THOMAS, DEWI-PRYS (1916 - 1985), architect

Name: Dewi-prys Thomas
Date of birth: 1916
Date of death: 1985
Spouse: Joyce Ffoulkes Thomas (née Parry)
Parent: Adolphus Dan Thomas
Parent: Elysabeth Watkin Thomas (née Jones)
Gender: Male
Occupation: architect
Area of activity: Art and Architecture

Dewi-Prys Thomas was born on 5 August 1916 in the Toxteth Park district of Liverpool, the eldest child of Adolphus Dan Thomas (1889-1974), a banking union official, and his wife Elysabeth (Lys) Watkin Thomas (née Jones, 1888-1953). His sister Rhiannon ('Nannon') Prys Thomas was born in 1919. The historian Robert John Pryse ('Gweirydd ap Rhys', 1807-1889) was his great grandfather. Dewi-Prys adopted the hyphen in his name later in his life.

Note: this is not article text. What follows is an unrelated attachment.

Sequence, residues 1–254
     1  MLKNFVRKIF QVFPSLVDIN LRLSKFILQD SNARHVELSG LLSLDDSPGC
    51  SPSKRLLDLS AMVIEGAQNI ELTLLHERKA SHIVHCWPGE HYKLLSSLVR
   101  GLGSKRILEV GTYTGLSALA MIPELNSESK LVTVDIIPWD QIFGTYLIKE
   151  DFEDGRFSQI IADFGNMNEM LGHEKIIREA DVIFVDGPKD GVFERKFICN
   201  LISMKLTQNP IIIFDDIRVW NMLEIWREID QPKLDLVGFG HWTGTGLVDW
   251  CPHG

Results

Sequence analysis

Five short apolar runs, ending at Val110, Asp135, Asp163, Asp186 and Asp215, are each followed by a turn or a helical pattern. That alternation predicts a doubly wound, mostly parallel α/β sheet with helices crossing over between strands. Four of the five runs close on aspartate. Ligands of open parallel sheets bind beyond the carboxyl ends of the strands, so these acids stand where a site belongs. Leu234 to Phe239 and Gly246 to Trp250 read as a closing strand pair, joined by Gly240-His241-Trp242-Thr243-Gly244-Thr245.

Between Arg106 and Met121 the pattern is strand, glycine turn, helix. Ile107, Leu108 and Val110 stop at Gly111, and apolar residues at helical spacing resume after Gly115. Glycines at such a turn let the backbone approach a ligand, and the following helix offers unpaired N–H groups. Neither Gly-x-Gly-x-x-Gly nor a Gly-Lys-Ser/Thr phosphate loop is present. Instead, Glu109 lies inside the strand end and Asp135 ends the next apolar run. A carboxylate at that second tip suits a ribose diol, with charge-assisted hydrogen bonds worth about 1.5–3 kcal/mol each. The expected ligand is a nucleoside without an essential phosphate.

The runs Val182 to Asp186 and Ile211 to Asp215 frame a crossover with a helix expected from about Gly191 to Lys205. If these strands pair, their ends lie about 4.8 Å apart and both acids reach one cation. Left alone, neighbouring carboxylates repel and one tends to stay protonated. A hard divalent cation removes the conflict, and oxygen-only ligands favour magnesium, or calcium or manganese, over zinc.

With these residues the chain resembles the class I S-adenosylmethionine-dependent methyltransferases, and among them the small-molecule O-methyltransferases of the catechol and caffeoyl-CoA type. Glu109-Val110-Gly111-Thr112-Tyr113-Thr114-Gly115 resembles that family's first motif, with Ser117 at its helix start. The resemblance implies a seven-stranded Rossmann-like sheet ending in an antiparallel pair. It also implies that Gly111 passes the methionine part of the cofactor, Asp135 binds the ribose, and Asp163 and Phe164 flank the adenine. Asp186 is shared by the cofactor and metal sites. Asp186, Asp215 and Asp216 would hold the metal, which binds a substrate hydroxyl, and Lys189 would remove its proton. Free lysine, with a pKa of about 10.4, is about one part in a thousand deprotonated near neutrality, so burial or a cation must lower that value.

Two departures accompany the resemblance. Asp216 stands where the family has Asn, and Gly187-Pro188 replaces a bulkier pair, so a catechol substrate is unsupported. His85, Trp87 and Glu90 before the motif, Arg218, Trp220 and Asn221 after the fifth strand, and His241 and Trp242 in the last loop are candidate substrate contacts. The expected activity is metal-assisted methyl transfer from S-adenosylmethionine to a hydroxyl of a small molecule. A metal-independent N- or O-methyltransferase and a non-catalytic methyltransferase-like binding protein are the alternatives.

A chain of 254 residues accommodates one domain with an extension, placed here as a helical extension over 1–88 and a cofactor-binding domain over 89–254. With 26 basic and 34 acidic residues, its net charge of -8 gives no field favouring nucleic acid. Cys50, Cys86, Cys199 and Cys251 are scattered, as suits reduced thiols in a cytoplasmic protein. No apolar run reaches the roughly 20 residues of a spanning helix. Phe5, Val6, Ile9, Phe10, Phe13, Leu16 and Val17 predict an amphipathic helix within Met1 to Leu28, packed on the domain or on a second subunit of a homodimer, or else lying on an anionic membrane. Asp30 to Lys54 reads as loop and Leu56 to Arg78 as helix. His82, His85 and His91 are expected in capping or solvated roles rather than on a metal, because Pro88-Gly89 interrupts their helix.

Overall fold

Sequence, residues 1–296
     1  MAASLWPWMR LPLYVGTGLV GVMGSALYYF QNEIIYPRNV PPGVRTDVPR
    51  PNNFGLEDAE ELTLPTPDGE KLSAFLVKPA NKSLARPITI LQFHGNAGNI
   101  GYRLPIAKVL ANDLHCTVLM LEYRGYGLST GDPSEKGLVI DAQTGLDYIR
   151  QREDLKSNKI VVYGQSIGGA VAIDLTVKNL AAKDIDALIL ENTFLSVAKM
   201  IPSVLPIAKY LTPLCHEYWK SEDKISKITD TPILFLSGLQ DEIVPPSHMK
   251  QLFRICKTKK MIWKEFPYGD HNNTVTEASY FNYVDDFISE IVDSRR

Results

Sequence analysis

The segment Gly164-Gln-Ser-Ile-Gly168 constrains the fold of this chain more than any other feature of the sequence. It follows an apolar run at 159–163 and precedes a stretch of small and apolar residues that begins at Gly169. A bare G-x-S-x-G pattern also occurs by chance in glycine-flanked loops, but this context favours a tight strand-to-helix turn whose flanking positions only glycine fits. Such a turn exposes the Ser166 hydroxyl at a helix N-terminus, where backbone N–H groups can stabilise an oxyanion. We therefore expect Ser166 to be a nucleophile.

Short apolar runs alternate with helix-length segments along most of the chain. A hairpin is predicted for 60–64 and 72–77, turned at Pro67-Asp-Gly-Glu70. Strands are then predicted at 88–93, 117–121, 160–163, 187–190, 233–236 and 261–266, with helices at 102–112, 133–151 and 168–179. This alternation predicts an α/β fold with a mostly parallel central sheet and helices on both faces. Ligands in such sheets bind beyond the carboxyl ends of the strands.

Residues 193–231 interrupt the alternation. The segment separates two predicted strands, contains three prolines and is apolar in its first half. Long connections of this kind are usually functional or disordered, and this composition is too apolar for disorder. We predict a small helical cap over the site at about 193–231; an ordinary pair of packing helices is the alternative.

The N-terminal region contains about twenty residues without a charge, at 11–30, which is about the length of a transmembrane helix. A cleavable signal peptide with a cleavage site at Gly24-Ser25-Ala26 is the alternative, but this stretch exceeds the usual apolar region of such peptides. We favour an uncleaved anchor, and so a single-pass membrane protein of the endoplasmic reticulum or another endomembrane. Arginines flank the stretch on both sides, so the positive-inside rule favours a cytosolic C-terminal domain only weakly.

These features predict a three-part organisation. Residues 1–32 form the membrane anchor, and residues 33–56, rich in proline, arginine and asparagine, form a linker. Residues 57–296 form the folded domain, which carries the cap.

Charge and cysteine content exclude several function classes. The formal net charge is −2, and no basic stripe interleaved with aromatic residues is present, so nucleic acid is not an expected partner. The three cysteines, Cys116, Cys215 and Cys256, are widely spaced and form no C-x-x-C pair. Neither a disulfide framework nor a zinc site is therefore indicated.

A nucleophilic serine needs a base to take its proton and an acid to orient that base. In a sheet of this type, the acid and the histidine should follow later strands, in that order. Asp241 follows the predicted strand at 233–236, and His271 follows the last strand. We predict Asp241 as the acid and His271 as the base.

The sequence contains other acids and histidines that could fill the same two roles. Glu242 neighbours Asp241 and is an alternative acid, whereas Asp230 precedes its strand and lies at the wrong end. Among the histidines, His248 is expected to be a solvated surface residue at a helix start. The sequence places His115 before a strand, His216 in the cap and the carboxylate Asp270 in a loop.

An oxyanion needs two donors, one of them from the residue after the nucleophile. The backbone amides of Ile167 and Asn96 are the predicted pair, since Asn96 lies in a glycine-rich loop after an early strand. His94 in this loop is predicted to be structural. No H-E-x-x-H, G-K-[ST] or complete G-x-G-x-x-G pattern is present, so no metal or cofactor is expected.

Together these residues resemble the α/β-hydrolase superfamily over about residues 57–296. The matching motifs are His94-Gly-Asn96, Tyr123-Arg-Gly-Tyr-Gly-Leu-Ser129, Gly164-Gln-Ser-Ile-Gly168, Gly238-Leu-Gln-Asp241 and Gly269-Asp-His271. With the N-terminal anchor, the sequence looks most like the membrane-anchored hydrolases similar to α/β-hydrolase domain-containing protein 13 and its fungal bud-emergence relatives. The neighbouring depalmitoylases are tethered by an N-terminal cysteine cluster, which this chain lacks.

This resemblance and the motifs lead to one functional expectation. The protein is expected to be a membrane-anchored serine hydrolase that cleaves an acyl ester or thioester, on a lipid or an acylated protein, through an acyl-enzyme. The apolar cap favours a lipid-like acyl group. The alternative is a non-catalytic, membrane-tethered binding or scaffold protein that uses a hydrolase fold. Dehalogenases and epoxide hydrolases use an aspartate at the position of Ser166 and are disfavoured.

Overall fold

His father was treasurer of the Welsh Nationalist Party (Plaid Genedlaethol Cymru) and his mother was national treasurer of the Welsh Pacifists. Ambrose Bebb and George M. Ll. Davies were regular visitors to the family home in Liverpool, and Dewi-Prys joined the Welsh Nationalist Party under the influence of Ambrose Bebb when he was fifteen years old.

Dewi-Prys Thomas was educated in Liverpool. He was persuaded by the architect and academician Lionel Bailey Budden to study architecture at Liverpool University rather than art. He entered Liverpool University in 1933, and after graduating with a first class honours BArch degree in 1939 and having won a number of prizes he went on to study town planning with Sir William Holford and was awarded a diploma in 1942.